1. If you have a good critique partner, trust him/her, at least sometimes.  They should be looking out for you.  I pondered about lengthening my current novel, but I figured if I did, it'd be something I'd work on "one of these days."  I didn't expect to get interest and have that reiterated by an editor.
  2. Just because a story starts slow, and you're wondering if maybe you should give it up, don't give up on it yet.  My current story started a little slow, and it's involving a little more science than I'd like.  But I kept with it and am super thrilled with the story.
  3. Speaking of the science, just because you notice an element in your story that you feel uncomfortable with, don't try to eradicate it.  Try to figure out how it can work to your advantage and make your world that much more unique.
  4. This one especially pertains to Nano.  If you feel like you're getting stuck with a certain scene, write out some of it and leave yourself a note on what you think should happen there.  And move on.  Last night, I stumbled upon I scene in the Hero's POV I knew needed to be there, but I couldn't figure out for the life of me what else he should do.  So I wrote what I could, and I went back to the Heroine who was being especially interesting to write.
  5. And lastly, it is important to make sure what you're writing isn't illegible to you.  Don't feel in such a rush that you can't write clearly.  It doesn't have to be perfect prose, this is a first draft after all, but I've gone through in previous years and rushed.  Sometimes, I was left with a good sentence that had an illegible word that I couldn't for the life of me figure out, so I had to throw out what I'd written.
I hope any of these help! If you're curious, I'm currently working on a post-apocalyptic paranormal romance, and my current word count is 9,035. =)

Tuesday, November 2

Praise of Nano and the End of Day 1

2010 marks the sixth year that I'm done National Novel Writing Month. Honestly, I think NaNoWriMo is a fantastic way to give people who have always wanted to write a book the permission to just do it. And that's basically why it was created. Chris Baty and his friends LOVED books, and therefore adored writers, so he wanted to have a way to what he loved. Not all of the people participating in Nano are pursuing lifelong publishing careers, they just want to have some fun and tackle what they've always wanted to do. Write a book. A lot of the people who do this, write only once a year, during Nano. Why give them flack for doing something they enjoy?

But it also has Pros for people who do want to get published. It's a good way of jump starting a project might only take two or three months to finish as opposed to a year or more of 200 (give or take) words a day. Like Chris Baty says in an guest blog he did yesterday, "Human beings are amazing procrastinators. Give someone two years to write a 50,000-word novel, and what you’re really giving them is two years to feel guilty about not writing their 50,000-word novel. Give that person 30 days to write the same book, and they’ll get it done, no sweat. Tight deadlines bring focus and build momentum, which ultimately makes them much easier to achieve than their open-ended cousins." And I couldn't agree more. Unpublished writers don't have set deadlines to finish their books like our published and contracted peers.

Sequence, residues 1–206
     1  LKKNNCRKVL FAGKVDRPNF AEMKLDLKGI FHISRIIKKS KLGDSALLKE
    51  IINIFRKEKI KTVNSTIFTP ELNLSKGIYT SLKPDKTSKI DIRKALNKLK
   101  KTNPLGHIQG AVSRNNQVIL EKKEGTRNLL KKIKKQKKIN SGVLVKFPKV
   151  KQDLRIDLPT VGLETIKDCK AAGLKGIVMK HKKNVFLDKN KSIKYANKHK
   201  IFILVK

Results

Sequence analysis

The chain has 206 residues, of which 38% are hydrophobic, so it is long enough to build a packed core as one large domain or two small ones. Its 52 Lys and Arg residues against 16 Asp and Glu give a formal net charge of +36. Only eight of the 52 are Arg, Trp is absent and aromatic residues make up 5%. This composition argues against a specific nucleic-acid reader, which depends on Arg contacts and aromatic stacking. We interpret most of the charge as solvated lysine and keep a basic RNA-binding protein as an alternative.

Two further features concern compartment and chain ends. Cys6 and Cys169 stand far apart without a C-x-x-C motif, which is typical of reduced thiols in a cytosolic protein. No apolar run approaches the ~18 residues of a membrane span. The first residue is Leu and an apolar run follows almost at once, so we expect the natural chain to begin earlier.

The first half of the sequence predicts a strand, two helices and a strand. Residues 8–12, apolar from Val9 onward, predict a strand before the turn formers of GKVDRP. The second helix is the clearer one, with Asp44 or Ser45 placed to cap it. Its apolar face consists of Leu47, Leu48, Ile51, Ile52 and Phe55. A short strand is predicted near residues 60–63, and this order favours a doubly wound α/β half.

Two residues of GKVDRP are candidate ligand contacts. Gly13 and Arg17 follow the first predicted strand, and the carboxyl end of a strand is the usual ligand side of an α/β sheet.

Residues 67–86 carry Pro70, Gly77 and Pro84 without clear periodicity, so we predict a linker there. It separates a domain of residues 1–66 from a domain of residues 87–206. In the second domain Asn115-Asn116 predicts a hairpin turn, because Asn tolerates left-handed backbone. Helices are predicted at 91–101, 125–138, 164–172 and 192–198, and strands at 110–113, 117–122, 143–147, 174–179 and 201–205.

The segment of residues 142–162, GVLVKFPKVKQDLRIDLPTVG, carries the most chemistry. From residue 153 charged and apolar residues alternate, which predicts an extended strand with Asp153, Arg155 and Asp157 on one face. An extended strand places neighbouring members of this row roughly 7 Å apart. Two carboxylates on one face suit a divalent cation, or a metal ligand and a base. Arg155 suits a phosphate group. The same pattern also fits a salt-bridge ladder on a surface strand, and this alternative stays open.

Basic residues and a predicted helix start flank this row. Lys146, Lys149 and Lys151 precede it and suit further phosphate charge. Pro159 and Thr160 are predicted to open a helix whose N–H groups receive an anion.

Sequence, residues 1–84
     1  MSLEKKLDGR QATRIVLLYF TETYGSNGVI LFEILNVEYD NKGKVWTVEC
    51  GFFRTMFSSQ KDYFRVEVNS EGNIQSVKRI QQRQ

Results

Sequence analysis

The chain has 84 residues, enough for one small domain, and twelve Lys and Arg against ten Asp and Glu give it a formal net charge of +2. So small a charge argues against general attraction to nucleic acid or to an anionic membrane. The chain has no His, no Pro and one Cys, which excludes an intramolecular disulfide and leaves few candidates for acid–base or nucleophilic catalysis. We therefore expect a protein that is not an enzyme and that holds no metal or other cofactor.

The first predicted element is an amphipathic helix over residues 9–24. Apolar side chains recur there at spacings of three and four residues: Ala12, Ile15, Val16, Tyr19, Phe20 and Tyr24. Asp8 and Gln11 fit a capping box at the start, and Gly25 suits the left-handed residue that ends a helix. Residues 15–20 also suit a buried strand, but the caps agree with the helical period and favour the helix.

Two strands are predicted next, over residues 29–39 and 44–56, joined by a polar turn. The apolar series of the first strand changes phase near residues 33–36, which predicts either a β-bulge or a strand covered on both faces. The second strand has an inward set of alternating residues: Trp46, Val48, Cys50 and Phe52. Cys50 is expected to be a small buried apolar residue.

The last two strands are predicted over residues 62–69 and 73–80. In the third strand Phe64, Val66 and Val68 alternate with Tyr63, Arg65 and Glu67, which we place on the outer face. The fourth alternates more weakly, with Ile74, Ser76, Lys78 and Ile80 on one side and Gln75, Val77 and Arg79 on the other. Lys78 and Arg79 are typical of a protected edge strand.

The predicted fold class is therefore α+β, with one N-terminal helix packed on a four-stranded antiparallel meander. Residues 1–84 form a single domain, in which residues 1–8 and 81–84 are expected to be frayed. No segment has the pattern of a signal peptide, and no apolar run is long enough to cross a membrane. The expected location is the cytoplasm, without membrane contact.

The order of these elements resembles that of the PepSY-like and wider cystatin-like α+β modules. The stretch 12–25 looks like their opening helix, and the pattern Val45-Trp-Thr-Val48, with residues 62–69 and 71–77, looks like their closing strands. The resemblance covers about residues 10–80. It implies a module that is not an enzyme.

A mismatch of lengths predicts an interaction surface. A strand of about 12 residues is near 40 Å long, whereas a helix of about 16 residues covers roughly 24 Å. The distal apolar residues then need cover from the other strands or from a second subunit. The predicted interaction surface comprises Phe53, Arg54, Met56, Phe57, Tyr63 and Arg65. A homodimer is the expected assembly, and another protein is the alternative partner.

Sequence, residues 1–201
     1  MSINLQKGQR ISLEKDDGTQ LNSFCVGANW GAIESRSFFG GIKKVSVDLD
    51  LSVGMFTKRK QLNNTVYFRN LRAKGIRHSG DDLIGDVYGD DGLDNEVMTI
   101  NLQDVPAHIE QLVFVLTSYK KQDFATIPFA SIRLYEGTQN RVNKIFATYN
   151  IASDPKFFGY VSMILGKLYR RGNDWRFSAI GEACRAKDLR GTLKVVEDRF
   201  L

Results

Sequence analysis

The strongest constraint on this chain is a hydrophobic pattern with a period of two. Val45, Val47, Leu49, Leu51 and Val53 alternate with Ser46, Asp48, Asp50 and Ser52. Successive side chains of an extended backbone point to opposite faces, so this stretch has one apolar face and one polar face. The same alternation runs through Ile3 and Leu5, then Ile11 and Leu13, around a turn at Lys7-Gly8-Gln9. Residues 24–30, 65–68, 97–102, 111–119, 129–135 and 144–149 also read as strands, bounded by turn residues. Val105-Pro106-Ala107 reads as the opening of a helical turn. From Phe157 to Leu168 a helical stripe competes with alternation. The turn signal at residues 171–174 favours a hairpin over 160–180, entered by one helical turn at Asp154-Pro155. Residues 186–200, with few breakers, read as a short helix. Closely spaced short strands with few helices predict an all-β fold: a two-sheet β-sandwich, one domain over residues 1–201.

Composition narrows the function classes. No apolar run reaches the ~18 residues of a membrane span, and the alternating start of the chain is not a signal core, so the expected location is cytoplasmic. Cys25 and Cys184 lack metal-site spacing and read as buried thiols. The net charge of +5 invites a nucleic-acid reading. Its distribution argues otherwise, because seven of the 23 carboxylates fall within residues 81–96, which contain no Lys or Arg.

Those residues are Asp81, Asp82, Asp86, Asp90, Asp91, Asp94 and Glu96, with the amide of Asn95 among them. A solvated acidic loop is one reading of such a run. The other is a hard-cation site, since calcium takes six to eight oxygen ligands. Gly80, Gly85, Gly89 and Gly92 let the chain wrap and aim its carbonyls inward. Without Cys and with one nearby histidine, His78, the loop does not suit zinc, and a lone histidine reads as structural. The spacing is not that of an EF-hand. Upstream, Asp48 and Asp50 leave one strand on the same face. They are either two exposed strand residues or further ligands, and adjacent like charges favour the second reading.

But 50,000 words in a month produces pure crap? Not necessarily. If it was so horrible with quantity over quality, why do published authors like Jocelynn Drake and Kelley Armstrong amongst others participate in Nano? Besides, authors on deadlines put out amazing numbers daily, I've seen Laurell K. Hamilton talk about doing 20 pages in a day. Yesterday, Jocelynn Drake wrote a little over 5,000 words. Does that mean either of them are producing crap? No, they're producing first drafts. But that's Nano is about, isn't it?

Writers doing Nano who want to pursue publication do need to research the industry and know that just because they type THE END and give the manuscript the once over, doesn't mean its ready to send off to an agent. Manuscripts need to be revised thoroughly before being sent off. And if a writer knows they work a certain way better (pantser vs. plotter), they should prepare before diving in with both feet. That's why people who typically do Nano reserve October for getting ready.

Still don't think it's possible to publish a Nano novel? Think again, here's a link to a page at National Novel Writing Month's website that lists the people who have had their Nano books published. (Including a #1 NYT Bestseller, Water for Elephants by Sara Gruen)

The most common advice writers give to aspiring authors is to "Write, write, write." (As well as Read, read, read, but hopefully people who like to write, also like to read.) And writing is the thing Nano is about.

As this is my 6th year doing Nano, I can say that during my first year, oh yes, my writing was not that great, but through the years, it's given me the chance to have at least one month a year to focus on honing my craft (through THREE years of college finals, parents, and getting married, no less.) And it taught me how to make a deadline, no matter what.

In closing, for the end of day 1, I wrote 3,150 words that I'm proud of and that didn't exist before. Currently, I'm at 4,070 with hopes of reaching 6,000 before the end of day 2.